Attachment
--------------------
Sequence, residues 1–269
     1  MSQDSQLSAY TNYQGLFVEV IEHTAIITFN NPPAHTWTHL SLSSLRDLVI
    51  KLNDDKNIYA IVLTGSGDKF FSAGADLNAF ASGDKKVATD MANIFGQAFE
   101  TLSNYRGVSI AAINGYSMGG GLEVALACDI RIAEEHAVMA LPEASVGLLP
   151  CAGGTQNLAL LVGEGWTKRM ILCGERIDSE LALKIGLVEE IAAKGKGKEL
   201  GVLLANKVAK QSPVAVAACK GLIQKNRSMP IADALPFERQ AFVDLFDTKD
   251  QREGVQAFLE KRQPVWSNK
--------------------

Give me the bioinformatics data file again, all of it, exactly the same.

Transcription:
Sequence, residues 1–269
     1  MSQDSQLSAY TNYQGLFVEV IEHTAIITFN NPPAHTWTHL SLSSLRDLVI
    51  KLNDDKNIYA IVLTGSGDKF FSAGADLNAF ASGDKKVATD MANIFGQAFE
   101  TLSNYRGVSI AAINGYSMGG GLEVALACDI RIAEEHAVMA LPEASVGLLP
   151  CAGGTQNLAL LVGEGWTKRM ILCGERIDSE LALKIGLVEE IAAKGKGKEL
   201  GVLLANKVAK QSPVAVAACK GLIQKNRSMP IADALPFERQ AFVDLFDTKD
   251  QREGVQAFLE KRQPVWSNK